The two professions need to learn to communicate if we are to build a better future, says Eleanor Jolliffe as she starts a new series of columns

Eleanor Jolliffe

Architecture is a powerfully expressive art form, one used throughout history by powerful patrons seeking to impose ideals on an uncertain world with the reassuring solidity and permanence of bricks and stone.

All seven wonders of the world are architectural and 80% of the Unesco world heritage list is cultural – created as opposed to natural. More often than not, these lauded sites were originally intended to impart the lasting authority of a particular worldview on to human consciousness.

The Great Wall of China not only marked the country’s borders but demonstrated the might and power of the Ming Dynasty. The Statue of Liberty represents American freedom, patriotism and opportunity. And the Acropolis stands as a universal symbol of classical spirit and civilisation – the beginnings of western democracy. Our own Stonehenge communicates its message less clearly now than when it was built, but still holds a certain fascination and weight of authority in both the landscape and the national consciousness.

Yet architecture is not only used as propaganda through its creation but also through its destruction. In recent years Isis has probably been the organisation employing cultural vandalism to most striking effect. But the Nazis also targeted built heritage in the so-called Baedeker raids, Henry VIII vandalised English churches when he broke from Rome in the 16th century and Mao Zedong’s Communist Party destroyed centuries of heritage during China’s Cultural Revolution (to name but a few).

Rowan Moore states rather beautifully in his book Why We Build: “Buildings are intermediaries in the reciprocation between the hopes and intentions of people, in the present and the past. They are the mineral interval between the thoughts and actions that make them and the thoughts and actions that inhabit them.”

Our reactions to buildings – or their destruction – suggests an inherent human understanding of this idea on a subconscious level. We are all prone to misplacing our hope in a building project as the solution to a complex problem. Of course a new high-speed rail link will not single-handedly revitalise the north of England any more than a really huge wall will solve America’s immigration challenges, but it doesn’t mean we don’t wish to believe it.

There is an inherent optimism to both architecture and politics

Politicians in particular have long been in thrall to the apparent ability of a building project to “solve” a social issue (PFI/Building Schools for the Future/Israel’s peace barrier/Trump’s wall/China’s new silk route).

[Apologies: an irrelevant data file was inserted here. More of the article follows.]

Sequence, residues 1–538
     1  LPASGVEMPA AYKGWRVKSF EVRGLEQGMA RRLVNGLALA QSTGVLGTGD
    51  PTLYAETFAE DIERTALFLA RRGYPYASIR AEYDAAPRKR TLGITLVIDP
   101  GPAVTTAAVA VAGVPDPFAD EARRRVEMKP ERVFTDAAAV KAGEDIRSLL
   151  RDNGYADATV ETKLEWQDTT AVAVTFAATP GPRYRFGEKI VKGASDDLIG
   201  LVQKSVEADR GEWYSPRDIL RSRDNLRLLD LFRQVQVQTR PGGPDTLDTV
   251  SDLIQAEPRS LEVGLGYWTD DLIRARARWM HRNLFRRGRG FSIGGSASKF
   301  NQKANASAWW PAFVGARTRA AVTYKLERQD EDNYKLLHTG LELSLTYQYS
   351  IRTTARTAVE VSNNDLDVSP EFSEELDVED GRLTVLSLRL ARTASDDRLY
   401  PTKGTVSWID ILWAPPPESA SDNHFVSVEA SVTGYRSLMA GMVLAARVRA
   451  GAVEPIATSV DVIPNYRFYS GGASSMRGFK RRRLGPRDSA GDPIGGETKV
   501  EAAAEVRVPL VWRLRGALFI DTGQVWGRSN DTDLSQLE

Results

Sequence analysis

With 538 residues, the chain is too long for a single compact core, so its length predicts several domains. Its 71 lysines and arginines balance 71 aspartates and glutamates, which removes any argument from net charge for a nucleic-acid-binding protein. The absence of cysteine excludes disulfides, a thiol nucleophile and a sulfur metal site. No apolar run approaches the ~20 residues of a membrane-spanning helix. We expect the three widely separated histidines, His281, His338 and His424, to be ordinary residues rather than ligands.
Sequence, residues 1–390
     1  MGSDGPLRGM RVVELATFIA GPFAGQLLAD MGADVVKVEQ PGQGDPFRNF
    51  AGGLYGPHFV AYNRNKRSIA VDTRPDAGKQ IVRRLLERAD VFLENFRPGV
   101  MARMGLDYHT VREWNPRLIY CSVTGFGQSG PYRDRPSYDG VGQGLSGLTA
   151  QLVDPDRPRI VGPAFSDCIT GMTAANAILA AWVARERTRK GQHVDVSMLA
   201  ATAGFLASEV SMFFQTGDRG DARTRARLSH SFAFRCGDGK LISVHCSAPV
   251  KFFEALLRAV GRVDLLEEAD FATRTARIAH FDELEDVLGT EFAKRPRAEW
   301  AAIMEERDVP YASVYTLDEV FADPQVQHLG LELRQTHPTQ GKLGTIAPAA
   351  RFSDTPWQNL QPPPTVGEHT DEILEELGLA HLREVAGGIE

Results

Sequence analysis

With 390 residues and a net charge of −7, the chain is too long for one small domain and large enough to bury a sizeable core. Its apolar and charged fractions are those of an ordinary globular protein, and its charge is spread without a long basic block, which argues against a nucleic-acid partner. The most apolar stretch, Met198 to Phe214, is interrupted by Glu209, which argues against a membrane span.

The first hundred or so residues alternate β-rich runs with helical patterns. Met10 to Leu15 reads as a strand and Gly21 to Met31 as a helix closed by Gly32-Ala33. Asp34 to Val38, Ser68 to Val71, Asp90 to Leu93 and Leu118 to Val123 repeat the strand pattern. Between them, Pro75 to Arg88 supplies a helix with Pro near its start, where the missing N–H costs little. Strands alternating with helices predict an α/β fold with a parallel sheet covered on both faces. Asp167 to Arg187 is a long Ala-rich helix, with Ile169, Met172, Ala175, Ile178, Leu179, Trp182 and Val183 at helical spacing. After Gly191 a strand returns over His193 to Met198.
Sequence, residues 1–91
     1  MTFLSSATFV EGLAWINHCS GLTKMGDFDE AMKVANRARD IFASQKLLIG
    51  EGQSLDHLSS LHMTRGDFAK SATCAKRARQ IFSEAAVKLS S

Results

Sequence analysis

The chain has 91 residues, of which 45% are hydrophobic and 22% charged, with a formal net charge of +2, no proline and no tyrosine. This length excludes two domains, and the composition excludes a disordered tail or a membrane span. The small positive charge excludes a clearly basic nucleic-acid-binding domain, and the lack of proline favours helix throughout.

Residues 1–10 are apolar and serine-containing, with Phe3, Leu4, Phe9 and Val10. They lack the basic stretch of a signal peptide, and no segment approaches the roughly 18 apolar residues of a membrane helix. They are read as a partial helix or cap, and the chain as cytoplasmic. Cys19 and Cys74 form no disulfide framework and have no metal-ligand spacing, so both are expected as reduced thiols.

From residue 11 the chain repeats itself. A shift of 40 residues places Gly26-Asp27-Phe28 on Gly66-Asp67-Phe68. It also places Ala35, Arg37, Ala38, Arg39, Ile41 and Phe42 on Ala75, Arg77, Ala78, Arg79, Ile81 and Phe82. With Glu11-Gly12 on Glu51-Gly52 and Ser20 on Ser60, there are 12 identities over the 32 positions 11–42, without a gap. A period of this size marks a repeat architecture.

But the inter-connectivity between politics and architecture goes far beyond literal bricks and mortar. Government policy – the planning laws and building regulations – directly impact the work architects are able to design and build. In turn, the impact of buildings on society can contribute to the next socio-political challenge or triumph.

The climate crisis is a good example. Architects Declare has (rightly) been enthusiastically embraced by the profession, but without government legislating for more sustainable development too many clients will be tempted by the value engineering opportunities to downgrade the fabric specification or omit renewables. In turn, the impact of a more sustainable built environment should contribute to slowing the rate of CO2 emissions and global warming.

Our current prime minister is at least as transfixed by the idea of a grand project as any politician past or present. The Conservative Party’s successful 2019 election manifesto made much of infrastructure investment in the future, of “levelling up” the north of England, and it has already approved HS2. Johnson’s tenure as London mayor was rife with ambitious and idealistic building projects. Meanwhile, the Grenfell inquiry, Northern Powerhouse rail, the Palace of Westminster refurbishment and the impact of the BBBBC report are likely to figure large in the future of this government.

The powerful patrons of our present and future are, if not actually politicians, often heavily influenced by political zeitgeist. There is an inherent optimism to both architecture and politics. Both focus on the future, on what could or should be. Both professions are never quite content to dwell in the present as it currently exists. However, perhaps to our mutual disadvantage, I don’t think we have mastered how to work well with each other.

I have spent the last six months considering the role of the architect in my columns. I’d like to spend the next six considering the intersection of architecture and politics. I can get too close to my individual projects and fail to see the wider impact of what I am drawing, or why I am drawing in the way I am.

I’d like to understand how architecture impacts on political life, and vice versa – and if that should be impacting on what and why I draw.